“In our minds, we’re doing everything.” It’s a line of specious rhetoric that might be found at the foot of a turgid promotional piece published by a multinational corporation, replete with buzz phrases and fatuous assertions. But it’s also guitarist Ash Naylor’s sincere observation of Even’s current state of being. With a new album contemplated, but not yet conceived, and a smattering of shows throughout 2010 – including a highly successful triple bill at The Thornbury Theatre in September – Even remain active, if not blazing the trail through studios and stages the band members would like. “What I want for Christmas is an overseas record label and booking agent,” bass player Wally Kempton declares. “And an extra $100,000 in the kitty – and our own plane.”
It’s lunchtime on a sunny Thursday afternoon, and we’re sitting outside The Esplanade Hotel, where Kempton is currently working as a booker. With Meredith fast approaching, and his Espy booking commitments causing him a level of grief, Kempton is unnaturally stressed. Naylor, in sharp contrast, is placid and relaxed. Between the two of them, there’s ne’er a major highlight for 2010. “I dunno – did we go away?” Kempton inquires of Naylor. As Naylor dredges through the last year’s memories, Kempton answers his own question. “We continued to exist,” he says, “but we haven’t had a very busy year.” Naylor pipes up with his own offering. “The triple treat show we did at Thornbury Theatre was one of our best shows in ages – it showcased all the different sides of the band in a theatre environment. It was possibly one of my favourite shows in ages,” he nods. “People are going to be talking about it through the ages,” Kempton adds.
Even also celebrated their sixteenth birthday with a gig at The Hi-Fi Bar, followed by birthday shows in Sydney and Brisbane. As Even continues into their seventeenth year, Naylor says the band’s subjective measure of success remains popular interest: “That people still come to our shows,” he reasons. Kempton points to another important attribute – intra-band contentment. “The fact that we’re still together is a measure of success, too,” he says. “We’re also still adding to our body of work – we’re not just on a nostalgia wave,” Naylor admits. “And that’s all you can hope for: to keep making new music – that sounds like old music,” he laughs.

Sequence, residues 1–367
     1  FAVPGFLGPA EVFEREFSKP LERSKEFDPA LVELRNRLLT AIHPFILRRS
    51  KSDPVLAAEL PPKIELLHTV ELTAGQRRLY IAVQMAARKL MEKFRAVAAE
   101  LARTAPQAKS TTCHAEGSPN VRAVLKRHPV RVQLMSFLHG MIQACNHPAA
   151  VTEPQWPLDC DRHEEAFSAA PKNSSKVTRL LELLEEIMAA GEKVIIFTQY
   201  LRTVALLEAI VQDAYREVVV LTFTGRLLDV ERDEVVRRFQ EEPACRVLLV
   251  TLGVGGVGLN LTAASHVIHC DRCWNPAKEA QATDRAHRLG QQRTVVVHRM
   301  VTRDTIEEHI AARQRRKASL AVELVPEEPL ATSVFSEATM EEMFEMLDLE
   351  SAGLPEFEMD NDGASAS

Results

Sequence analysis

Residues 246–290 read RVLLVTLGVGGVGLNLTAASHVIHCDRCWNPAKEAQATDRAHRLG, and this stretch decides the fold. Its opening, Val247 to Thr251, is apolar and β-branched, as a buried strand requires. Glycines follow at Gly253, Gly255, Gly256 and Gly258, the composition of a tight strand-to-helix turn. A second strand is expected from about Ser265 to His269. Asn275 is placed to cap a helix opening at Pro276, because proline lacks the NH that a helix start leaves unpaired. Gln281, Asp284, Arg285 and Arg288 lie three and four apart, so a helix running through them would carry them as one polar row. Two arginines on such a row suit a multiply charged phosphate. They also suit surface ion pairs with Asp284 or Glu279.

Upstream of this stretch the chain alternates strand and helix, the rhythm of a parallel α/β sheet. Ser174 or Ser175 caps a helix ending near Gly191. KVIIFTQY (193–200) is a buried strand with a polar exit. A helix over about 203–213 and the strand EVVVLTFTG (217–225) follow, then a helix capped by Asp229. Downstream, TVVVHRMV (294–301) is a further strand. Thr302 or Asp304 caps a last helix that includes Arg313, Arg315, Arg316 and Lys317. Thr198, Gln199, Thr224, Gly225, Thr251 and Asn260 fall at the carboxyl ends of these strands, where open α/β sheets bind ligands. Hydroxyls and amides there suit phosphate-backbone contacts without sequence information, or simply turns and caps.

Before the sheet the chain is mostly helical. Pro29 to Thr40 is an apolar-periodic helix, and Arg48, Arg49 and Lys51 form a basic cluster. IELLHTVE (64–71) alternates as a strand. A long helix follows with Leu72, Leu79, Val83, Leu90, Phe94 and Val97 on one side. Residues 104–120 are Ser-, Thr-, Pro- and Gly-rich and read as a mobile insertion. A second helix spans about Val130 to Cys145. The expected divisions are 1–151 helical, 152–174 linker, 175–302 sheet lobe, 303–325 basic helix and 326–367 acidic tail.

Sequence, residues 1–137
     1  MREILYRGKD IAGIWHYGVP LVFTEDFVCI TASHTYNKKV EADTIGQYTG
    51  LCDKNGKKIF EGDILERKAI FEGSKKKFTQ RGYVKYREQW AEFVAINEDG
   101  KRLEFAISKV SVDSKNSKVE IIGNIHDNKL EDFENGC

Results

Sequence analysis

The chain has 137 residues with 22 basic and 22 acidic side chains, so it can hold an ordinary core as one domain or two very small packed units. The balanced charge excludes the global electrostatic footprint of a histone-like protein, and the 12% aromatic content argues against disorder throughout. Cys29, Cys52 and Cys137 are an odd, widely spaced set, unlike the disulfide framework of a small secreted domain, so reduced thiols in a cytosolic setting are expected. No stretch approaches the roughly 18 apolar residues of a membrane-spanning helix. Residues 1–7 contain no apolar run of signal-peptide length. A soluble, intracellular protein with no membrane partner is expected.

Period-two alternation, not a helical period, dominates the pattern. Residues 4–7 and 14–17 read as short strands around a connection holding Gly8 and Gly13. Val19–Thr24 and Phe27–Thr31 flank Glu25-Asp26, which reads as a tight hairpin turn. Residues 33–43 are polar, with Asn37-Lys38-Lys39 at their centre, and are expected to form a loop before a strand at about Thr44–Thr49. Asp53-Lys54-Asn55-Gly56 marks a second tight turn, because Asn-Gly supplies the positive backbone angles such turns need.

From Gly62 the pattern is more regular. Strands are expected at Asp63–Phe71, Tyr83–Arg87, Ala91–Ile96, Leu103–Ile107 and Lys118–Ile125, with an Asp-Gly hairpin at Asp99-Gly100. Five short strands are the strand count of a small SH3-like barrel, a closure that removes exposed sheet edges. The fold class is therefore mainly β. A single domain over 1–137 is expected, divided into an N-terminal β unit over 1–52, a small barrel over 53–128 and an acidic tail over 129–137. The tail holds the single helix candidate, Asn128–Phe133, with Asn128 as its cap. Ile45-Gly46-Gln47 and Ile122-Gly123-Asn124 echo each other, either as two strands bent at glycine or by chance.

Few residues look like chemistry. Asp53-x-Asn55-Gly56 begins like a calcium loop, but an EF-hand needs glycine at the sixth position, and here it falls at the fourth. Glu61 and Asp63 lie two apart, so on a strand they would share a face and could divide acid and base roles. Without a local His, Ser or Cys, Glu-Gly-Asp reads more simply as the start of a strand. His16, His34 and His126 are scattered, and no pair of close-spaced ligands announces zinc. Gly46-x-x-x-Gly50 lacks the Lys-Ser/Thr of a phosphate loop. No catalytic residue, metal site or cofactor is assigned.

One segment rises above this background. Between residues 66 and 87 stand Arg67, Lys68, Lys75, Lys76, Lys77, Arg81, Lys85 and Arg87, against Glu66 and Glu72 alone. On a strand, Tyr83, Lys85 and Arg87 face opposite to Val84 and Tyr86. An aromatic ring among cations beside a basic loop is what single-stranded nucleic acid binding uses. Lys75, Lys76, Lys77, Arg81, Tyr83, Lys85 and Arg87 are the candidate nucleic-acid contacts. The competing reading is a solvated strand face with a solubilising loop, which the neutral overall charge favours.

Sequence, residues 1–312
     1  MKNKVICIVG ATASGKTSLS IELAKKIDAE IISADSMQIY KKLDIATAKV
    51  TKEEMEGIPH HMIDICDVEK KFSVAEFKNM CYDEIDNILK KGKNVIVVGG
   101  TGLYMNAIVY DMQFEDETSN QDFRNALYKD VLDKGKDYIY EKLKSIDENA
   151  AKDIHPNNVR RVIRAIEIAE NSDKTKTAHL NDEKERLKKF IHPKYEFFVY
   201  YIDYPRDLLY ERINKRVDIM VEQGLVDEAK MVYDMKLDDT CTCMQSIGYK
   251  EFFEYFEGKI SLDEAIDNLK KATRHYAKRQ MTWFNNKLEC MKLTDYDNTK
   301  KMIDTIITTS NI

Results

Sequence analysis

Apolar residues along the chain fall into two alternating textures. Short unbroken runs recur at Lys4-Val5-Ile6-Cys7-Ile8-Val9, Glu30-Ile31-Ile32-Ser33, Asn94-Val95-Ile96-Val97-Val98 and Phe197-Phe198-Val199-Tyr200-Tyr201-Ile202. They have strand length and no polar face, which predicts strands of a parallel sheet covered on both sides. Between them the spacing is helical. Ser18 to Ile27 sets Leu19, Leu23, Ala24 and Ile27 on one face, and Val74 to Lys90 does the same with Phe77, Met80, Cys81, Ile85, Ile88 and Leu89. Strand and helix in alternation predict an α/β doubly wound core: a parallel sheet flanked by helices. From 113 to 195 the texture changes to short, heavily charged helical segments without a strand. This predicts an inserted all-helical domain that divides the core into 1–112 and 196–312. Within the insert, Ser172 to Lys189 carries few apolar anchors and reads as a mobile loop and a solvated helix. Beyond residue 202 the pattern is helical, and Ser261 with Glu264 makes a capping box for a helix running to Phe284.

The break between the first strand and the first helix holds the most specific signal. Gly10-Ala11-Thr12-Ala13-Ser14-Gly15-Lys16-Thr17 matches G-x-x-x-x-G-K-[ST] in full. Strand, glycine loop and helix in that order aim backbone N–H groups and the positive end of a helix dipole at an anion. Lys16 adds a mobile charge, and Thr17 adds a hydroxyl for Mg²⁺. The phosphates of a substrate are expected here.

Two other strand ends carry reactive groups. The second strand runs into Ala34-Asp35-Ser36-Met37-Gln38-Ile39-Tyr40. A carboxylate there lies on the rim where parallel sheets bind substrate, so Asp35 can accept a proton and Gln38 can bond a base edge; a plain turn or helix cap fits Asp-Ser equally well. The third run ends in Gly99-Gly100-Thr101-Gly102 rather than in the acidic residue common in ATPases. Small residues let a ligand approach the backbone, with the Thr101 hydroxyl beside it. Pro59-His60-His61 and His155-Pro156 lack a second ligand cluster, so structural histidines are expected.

As the lunchtime fare arrives, I ask whether there has ever been a full-on verbal or physical stoush in the Even camp. The answer, it appears, is a categorical no. “Not with each other,” Kempton answers. “We’re not little children,” Naylor adds. “Collectively, we’re relatively mature adults, and there’s no need to resort to physical violence or immature squabbling to resolve issues that may come up. We came together quite seamlessly, looking back. We have disagreements, but we manage to resolve them amicably, and if not, we can work around them,” Naylor explains.
This weekend sees the return of the annual Even Christmas shows, with the band playing over two consecutive nights at The Tote. Kempton has revealed his own disdain for the rampant commercialisation of Christmas in previous interviews; Naylor’s attitude is influenced by his parental responsibilities. “My attitude to Christmas is very different now because I have children. Basically it’s focused on them earning their presents,” he laughs. “I’m looking forward to it this year because there’ll be a break between the Christmas Even shows and Christmas Day. So I can enjoy a relatively normal suburban Christmas without my ears ringing and a filthy hangover on Christmas morning after a rip-snorting Even gig.”
Both Naylor and Kempton are understandably looking forward to this week’s Tote shows. On the Saturday Even will be supported by visiting Tennessee band Jeff The Brotherhood and local bands Matt Sonic And The High Times and The Level Spirits; on Sunday Even plays a matinee show alongside Those Darlins. “They’re quite diverse line-ups, and both exciting bills,” Naylor says. “The chance to do two Christmas shows in one venue is great – and the fact that we’re back at the Tote is a little bit exciting.
“It’s the Hotel California of rock,” he adds. “Matt and I did our first gig there back in 1986, and Wally has a very long association with the Tote. So it’s part of our DNA – it’s in our blood,” Naylor says. As for surprise covers, Naylor isn’t sure, though Kempton has his own suggestion. “Hall and Oates – How Does It Feel To Be Back,” he laughs.
XMAS EVEN continues the EVEN tradition of celebrating Christmas the right way – with loads of booze and loud music. So join them at The Tote this Saturday December 18 with JEFF The Brotherhood, Matt Sonic & The High Times, then on Sunday December 19 with Those Darlins’ and a southern style BBQ. Nice. See you there.